05
Feb
15

Arctic Adventure for DOS

The title screen

Arctic Adventure was released in 1991, when the author George Broussard had just merged his company with Apogee. It is a sequel to the first game: Pharaoh’s Tomb, and shares the same game engine that was originally developed by Todd Replogle for Monuments of Mars. It shares most of its technical aspects with both of these games, as it uses exactly the same technologies.

Map ScreenAgain CGA graphics and PC Speaker sound were used, with about the same level to technical skill as both are roughly equivalent to the other games. The only really big change is using the white, cyan, and magenta CGA palette instead, which is quite appropriate given the Arctic theme. I noted that this time there was no performance warning for older machines, but I haven’t noted any significant improvement. So best to avoid the slowest 8088 and PCjr machines.

Game ScreenUnlike the other two games you start in an over-world style map which allows you to choose which level you wish to attempt. You need to gather keys and a boat to gain access to many of the levels, but you can attempt them in any order otherwise. Whilst you can only save at this screen, it’s quite  nice being able to return to this map screen without penalty so you can save your game, or choose another level if one is vexing you too much.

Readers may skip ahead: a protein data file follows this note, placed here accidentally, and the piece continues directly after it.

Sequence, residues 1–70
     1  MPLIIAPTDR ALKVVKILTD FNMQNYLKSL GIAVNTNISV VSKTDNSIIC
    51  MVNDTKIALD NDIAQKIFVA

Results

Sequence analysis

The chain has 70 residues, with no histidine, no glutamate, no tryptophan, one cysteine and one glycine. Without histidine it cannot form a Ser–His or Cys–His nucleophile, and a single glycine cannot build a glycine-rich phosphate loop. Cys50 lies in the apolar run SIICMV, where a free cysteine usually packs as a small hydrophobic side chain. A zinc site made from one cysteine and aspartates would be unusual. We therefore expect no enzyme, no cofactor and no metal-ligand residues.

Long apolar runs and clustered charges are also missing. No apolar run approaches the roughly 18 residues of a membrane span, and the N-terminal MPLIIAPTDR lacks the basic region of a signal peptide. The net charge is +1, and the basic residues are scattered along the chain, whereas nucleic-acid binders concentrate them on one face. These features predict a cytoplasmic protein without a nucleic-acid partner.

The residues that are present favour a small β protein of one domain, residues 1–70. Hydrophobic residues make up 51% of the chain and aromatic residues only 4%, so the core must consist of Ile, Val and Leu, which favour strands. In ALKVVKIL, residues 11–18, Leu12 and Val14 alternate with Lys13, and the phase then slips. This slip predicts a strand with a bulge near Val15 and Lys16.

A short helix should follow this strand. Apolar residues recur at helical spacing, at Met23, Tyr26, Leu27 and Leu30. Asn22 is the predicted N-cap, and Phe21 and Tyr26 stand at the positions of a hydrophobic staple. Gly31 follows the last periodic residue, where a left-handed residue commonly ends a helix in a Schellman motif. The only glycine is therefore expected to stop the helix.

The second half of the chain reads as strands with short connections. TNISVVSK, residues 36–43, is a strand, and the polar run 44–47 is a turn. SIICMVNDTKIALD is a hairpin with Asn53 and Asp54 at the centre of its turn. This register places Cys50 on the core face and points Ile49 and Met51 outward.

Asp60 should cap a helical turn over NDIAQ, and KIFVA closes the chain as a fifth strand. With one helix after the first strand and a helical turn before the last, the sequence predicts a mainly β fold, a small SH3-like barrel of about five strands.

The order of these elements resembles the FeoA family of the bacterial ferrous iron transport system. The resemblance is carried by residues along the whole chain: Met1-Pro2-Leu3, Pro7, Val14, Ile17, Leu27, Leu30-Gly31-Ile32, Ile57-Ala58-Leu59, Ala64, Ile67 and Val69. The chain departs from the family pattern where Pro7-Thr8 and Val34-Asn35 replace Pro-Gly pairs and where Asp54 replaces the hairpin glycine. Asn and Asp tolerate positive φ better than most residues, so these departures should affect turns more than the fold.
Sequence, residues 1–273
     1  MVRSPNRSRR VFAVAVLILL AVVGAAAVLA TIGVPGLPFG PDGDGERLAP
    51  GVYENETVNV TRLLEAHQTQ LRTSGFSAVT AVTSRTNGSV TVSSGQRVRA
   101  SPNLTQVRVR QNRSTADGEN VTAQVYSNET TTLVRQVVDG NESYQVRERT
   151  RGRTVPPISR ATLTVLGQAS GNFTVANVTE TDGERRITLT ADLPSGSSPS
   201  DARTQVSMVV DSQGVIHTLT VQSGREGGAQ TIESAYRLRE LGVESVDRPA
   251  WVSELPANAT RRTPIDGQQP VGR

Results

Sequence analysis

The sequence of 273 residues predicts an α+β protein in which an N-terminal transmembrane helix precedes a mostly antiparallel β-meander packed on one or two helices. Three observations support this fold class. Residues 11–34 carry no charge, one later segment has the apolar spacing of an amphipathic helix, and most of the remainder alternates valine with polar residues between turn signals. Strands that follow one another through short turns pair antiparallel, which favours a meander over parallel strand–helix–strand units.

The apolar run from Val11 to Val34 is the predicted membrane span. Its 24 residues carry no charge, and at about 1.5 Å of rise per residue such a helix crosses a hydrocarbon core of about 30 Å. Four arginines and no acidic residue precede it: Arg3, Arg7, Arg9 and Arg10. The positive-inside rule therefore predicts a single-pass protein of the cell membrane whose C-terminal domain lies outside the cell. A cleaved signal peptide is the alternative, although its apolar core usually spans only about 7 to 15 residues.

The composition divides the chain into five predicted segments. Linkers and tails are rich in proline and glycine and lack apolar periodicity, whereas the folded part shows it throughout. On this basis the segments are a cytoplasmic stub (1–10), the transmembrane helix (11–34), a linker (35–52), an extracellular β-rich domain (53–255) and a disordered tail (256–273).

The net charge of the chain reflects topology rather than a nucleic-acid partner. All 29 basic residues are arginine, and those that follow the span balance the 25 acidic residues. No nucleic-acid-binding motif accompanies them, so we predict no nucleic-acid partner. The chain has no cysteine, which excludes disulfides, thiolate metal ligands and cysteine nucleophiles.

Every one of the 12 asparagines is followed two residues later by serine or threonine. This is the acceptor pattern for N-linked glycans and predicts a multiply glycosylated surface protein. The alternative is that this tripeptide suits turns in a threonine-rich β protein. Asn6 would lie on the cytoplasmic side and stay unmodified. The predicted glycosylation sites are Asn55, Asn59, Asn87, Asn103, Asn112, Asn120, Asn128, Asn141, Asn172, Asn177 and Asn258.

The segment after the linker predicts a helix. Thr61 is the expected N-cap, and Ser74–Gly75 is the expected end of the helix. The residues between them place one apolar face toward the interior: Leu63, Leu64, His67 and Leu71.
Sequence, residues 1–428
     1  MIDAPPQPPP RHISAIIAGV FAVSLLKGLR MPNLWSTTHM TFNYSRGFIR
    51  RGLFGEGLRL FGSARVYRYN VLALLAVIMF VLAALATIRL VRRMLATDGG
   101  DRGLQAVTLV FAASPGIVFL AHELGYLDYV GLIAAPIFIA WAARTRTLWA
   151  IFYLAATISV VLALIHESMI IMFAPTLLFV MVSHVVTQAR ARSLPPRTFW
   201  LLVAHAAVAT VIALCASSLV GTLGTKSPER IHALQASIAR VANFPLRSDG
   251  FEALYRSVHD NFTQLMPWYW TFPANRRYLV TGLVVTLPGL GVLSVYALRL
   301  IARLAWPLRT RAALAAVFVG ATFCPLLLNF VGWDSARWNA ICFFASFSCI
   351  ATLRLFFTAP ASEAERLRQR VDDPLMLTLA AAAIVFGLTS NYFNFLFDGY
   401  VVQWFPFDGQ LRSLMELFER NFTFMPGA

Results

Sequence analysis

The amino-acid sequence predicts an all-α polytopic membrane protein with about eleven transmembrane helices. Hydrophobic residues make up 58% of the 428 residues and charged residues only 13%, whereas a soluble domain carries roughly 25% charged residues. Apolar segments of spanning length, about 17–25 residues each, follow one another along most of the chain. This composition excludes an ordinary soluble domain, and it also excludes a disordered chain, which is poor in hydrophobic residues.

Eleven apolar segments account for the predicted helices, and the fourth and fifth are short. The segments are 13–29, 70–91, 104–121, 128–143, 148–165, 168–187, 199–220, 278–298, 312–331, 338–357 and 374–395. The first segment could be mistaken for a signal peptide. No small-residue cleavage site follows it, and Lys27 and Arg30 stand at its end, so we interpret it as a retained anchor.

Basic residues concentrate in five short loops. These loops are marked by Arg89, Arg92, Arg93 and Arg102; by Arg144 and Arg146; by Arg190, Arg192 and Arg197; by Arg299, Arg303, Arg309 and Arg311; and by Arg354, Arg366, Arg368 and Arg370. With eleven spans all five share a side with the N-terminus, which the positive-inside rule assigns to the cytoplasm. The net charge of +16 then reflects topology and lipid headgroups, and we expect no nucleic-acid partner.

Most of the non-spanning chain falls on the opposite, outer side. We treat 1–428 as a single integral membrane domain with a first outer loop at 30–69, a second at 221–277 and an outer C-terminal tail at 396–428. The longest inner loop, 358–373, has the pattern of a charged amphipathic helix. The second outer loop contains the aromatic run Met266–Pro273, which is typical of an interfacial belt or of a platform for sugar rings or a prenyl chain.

Not as easy as it looksEntering a level you’ll find similar collision issues that the other games suffered. The spikes in particular feel the most unfair as they will kill you without even touching your character. However overall it suffers from this much less than Pharaoh’s Tomb as you no longer have a limited number of lives. You simply return to the start of the level with everything you brought with you when you first arrived. This makes Death much less annoying as you can still progress even if you die many times, and you can choose another level when you get frustrated.

Looks simple enoughThe levels themselves are a mix of easier and harder puzzles, some of which are more a test of your platforming skills. They contain the same types of enemies and hazards as Pharaoh’s Tomb, just they have been re-skinned. It seems that the designer has made better use of these features as I didn’t run into the same problems as much, and the levels are much more enjoyable to play.

Like the other games Arctic Adventure was made freeware back in 2009, and is the better game of the three. It isn’t as frustrating as Pharaoh’s Tomb, but is more challenging than Monuments of Mars. Unfortunately it still suffers from some issues with the collision detection making some levels extra hard. If I had to pick a favourite, I’d probably favour Monuments of Mars, but Arctic Adventure is still quite enjoyable.

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